• Perhaps the church does need to split so that each camp can believe and practice in the way they see as most true. That would certainly NOT be easy; I don't think anyone wants to see that happen - and not just because of the financial fall out (which would certainly be bad). We have to find another way, and though it's hokey to say, if we're Christians, I think we have to ask what would Jesus do. We have to ask these questions as individuals and as a community.  We struggle as people are trying to do this the best way they can see - some by taking a stand against policies they see as unjust, and others by trying to hold them accountable.
  • As someone who has a clear personal stake in this issue, I hope that changes are made, but I also hope that they are done prayerfully, with a spirit of love and putting others first. The question of how to be tolerant of those who are intolerant of you is one that I will struggle with for always. I'm proud to say that I go to church that chose to respond to a picket by the Fred Phelps clan by bringing them water to drink, but what is the appropriate response to those who want to punish the people that are standing up for what it just?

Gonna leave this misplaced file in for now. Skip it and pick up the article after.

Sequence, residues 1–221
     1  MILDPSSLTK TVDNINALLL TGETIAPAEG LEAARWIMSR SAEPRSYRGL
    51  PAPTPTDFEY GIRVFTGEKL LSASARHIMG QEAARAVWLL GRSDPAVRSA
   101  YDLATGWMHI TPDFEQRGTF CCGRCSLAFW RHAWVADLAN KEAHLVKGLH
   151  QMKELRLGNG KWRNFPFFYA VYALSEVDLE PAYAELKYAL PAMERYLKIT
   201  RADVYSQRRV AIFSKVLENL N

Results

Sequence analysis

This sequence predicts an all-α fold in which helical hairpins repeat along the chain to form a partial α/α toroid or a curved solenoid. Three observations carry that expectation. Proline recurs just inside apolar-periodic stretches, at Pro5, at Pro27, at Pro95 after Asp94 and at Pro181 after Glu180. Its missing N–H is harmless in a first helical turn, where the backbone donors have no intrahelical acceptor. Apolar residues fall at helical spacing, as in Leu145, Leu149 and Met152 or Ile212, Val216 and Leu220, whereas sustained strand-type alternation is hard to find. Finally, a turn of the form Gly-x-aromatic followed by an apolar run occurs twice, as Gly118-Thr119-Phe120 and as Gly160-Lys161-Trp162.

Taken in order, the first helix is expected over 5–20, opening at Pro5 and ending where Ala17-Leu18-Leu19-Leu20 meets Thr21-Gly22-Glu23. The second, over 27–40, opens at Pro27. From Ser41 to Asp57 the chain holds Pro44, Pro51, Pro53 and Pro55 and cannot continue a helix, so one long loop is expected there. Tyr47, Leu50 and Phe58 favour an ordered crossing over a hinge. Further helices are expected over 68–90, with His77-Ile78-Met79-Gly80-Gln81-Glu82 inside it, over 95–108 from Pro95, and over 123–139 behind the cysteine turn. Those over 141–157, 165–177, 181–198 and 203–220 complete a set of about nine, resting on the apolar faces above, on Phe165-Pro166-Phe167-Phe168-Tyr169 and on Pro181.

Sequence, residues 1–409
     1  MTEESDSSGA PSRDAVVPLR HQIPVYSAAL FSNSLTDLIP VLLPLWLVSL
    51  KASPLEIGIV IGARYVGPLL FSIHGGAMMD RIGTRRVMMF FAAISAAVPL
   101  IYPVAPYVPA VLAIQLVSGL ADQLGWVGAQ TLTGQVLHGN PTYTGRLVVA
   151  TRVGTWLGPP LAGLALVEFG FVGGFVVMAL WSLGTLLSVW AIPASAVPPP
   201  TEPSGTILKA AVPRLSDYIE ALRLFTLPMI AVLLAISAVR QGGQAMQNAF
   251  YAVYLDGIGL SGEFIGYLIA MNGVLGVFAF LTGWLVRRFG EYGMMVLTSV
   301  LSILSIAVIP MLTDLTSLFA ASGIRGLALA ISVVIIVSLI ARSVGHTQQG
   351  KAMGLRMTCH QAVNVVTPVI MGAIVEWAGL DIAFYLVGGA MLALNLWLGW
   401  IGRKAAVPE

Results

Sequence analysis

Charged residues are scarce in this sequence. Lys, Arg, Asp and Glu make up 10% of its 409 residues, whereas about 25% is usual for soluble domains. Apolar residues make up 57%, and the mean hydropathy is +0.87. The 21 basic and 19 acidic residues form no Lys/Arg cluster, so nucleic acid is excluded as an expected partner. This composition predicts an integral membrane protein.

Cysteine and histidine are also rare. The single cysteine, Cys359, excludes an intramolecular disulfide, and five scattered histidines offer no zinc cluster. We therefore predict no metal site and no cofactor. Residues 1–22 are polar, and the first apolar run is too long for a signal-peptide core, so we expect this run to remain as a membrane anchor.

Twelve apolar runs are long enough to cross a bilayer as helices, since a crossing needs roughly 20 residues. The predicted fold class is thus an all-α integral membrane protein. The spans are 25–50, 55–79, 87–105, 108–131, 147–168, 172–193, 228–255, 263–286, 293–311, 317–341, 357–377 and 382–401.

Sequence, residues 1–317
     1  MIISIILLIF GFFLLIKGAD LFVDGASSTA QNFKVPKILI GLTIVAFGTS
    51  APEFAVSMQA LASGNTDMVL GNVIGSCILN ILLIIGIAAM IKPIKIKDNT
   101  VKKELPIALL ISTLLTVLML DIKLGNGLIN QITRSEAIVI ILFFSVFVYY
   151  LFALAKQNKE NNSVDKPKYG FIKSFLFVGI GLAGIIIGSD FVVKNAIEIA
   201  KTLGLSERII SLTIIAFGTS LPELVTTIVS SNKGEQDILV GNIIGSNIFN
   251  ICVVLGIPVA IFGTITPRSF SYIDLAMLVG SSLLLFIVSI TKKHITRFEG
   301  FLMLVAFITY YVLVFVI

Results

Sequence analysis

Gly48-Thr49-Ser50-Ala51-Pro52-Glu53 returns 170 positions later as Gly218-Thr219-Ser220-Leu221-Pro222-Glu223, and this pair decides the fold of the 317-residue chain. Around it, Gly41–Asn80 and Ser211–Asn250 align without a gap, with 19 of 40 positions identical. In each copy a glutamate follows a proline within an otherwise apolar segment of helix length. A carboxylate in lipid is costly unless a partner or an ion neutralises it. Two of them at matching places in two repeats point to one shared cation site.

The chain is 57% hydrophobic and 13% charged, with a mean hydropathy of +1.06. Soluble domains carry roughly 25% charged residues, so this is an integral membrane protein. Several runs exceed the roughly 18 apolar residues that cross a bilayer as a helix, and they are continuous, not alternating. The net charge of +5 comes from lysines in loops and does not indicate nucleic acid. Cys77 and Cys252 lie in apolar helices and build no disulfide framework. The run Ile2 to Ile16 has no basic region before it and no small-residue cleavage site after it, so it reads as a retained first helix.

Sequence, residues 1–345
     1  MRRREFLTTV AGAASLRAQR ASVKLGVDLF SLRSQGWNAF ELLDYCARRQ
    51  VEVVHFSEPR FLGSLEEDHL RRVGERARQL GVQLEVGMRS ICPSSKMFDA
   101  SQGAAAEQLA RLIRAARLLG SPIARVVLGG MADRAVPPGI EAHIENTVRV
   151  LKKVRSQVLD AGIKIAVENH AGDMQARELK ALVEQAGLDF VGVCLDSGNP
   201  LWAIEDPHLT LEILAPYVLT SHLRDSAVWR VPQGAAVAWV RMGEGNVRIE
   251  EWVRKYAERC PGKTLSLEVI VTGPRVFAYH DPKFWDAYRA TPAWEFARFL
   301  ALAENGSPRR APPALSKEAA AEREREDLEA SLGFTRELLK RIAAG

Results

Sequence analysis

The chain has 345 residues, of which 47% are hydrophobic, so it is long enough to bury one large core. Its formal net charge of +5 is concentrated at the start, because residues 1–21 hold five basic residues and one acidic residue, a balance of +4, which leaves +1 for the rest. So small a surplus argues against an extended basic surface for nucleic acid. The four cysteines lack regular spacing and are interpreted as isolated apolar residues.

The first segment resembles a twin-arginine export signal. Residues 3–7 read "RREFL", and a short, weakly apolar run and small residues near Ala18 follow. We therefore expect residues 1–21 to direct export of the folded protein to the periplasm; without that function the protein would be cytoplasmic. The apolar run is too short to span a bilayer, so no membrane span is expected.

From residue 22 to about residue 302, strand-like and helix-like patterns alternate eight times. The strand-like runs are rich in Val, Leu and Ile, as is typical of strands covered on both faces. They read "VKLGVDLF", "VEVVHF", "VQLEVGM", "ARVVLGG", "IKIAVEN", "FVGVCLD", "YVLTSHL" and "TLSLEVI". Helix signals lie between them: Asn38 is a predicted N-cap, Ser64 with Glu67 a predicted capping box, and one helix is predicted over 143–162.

• I question the role of accountability when it's used as a way to keep people in line. As the church, we should not be instilling fear and punishment shouldn't be our modus operandi. But then I consider what John Wesley did in his meetings, making sure that people were on the path to being better Christians.  How did he know which things to press people on and which things to overlook? And Jesus certainly held people accountable too. Yet he seemed to do it in a way that challenged everything - the adulterous woman didnt' get stoned, but Jesus didn't just let it slide either.  I believe that those who are calling for the church laws to be upheld are doing so (mostly) to keep the church on the "right" path - they fear that we are losing our way. While I disagree with them, how can I begrudge them that?  And where is there room for a middle ground between these two? Should there be middle ground?
  • I feel bad for the Council of Bishops. I don't know how they can best respond to this issue. There are bishops on both sides of this issue, and they do have a role to uphold the laws of the church, but they also have an obligation to call the church to justice. It seems to me they are damned if they do and damned if they don't on this one.  I hope the Holy Spirit will be with them as they work it out together, and I'll be watching to see what they say.  A lot of people - in and out of the UMC - will be watching.
Where does this leave us? I really don't know. I just know we can't keep going like this. My heart hurts, and I can only imagine that God's does too.